Whether this is a poem that resonates with people or not, I understand your need to write it and your personal love for it - the fact that you revised it and reposted it shows that you love it. I did note in the comment by freeangel that he/she asked if you were 'alluding' to Christianity. Do you want it to be just an allusion or do you want it to stand out there? I'd call this stronger than just an allusion, but I don't know that I'd call it an overt expression of Christianity, either. Perhaps that is something you should think about as well. (And you thought you were done with this one. HA!)

    I really like this poem, AFTER the first two stanzas. The problem is coaxing your reader to wade through those stanzas to get through to the real poem. I'd really like to see you work on those.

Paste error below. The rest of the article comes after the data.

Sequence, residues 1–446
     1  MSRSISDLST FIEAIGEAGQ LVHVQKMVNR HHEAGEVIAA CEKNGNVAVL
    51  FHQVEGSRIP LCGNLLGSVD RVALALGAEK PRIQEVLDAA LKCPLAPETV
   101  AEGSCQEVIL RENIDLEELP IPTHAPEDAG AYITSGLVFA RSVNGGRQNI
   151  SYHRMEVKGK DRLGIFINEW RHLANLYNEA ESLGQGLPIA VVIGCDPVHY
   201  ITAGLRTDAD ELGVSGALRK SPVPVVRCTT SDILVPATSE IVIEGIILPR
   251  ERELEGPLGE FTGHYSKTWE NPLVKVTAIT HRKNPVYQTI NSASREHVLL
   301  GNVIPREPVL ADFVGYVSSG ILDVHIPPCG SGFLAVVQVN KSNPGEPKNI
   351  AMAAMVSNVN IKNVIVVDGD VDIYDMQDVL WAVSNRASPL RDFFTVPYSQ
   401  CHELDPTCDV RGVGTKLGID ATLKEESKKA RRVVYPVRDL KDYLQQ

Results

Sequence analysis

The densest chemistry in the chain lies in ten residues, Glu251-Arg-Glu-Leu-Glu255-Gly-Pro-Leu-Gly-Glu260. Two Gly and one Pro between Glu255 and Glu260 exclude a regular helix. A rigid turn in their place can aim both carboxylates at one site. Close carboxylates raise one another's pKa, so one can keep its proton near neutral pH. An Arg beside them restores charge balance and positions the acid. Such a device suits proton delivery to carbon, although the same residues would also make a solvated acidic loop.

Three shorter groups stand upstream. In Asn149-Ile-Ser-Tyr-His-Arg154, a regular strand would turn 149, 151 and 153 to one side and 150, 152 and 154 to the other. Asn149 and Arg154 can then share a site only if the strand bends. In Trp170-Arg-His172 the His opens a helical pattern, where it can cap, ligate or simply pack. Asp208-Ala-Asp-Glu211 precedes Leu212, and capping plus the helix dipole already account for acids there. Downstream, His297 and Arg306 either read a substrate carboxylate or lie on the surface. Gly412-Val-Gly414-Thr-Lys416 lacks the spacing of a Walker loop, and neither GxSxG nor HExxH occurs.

Overall, a good job. Thanks, Crutch. mae

    | Posted on 2006-10-15 00:00:00 | by mae | [ Reply to This ]
      I love your use of imagery. I also like your rhythm and flow.
    | Posted on 2006-09-19 00:00:00 | by causticprincess | [ Reply to This ]
      wow, i love the imagery here " a blood dipped finger" "the killing tree" such expressive use of metaphor really hammers home the thoughts and feelings expressed here, i think the rhyme scheme here is very good and natural, when i was reading this i was wondering if this is some sort of judgement day, and the killing tree is the point of judgement for the unfortunate people "the blind" how lucky that you were shown the truth in time! definitely lucky, are you alluding to christianity here? feel free to cyber slap me if i'm off track,,there is a religious thread running through this poem, expecially the last stanza which was my favourite. a very good poem, it's definitely going into my faves
    | Posted on 2006-09-09 00:00:00 | by freeangel | [ Reply to This ]